Ancient Human DNA Extracted From Ice Age Caves Without Human Remains

1 May

Anthropology.net

Preparing a sediment sample for DNA extraction. Photo by Sylvio Tüpke and Max Planck / Institute for Evolutionary Anthropology Preparing a sediment sample for DNA extraction. Photo by Sylvio Tüpke and Max Planck / Institute for Evolutionary Anthropology

Ancient DNA has come a long way, baby. We now don’t even need the bones any more to pick up traces of prehistoric beings. This highly sensitive technique for analyzing ancient DNA was announced last week in Science.  Studying 85 sediment samples from seven 14,000 to 550,000 year old caves in Europe and Russia, senior author Matthias Meyer and his team of researchers first isolated all DNA from the soil samples. Unsurprisingly, most belonged to bacteria. About 0.05 to 10% belonged to mammals.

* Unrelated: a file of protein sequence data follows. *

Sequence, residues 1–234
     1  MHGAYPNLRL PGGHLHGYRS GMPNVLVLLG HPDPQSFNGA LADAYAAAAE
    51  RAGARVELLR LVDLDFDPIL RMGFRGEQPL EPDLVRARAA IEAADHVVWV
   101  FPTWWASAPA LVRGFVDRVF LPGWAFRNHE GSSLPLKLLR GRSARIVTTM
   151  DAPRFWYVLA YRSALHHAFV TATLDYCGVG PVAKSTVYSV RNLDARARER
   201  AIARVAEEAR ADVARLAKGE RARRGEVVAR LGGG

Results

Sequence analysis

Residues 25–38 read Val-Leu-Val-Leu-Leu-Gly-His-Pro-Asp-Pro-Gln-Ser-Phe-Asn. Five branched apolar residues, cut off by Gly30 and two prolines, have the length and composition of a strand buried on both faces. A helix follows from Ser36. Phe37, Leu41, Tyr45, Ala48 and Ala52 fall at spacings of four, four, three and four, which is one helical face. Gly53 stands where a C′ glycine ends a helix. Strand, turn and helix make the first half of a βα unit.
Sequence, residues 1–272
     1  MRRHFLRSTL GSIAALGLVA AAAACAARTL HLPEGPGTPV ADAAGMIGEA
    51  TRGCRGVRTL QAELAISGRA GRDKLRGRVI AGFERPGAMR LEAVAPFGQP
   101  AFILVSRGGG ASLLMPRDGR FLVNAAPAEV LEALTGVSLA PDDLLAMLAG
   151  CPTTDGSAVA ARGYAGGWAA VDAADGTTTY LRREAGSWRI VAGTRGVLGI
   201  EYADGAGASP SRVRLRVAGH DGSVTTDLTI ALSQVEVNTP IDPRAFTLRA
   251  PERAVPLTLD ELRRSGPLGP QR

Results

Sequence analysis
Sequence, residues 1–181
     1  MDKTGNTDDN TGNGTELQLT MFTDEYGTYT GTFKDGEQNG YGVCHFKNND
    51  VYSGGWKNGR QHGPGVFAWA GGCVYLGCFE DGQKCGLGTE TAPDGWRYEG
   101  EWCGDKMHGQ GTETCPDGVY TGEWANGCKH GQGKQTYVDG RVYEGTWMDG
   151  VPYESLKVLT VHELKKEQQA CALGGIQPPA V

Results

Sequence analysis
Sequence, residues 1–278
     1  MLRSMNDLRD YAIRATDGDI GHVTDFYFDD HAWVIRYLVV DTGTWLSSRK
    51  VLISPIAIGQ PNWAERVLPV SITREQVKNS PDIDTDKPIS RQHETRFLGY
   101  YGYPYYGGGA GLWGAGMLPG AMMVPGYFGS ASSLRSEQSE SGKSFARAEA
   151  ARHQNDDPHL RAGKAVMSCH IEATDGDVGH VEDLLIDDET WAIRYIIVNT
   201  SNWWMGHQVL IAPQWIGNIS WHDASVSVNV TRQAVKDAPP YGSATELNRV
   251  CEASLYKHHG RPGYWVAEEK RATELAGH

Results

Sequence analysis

The authors then created a targeted enrichment of mitochondrial DNA, a type of bait, to identify the exact DNA to particular species, such as hominins as well as a variety of animals such as the woolly mammoth and woolly rhinos, cave bears and cave hyenas. Neandertal DNA was found in eight…

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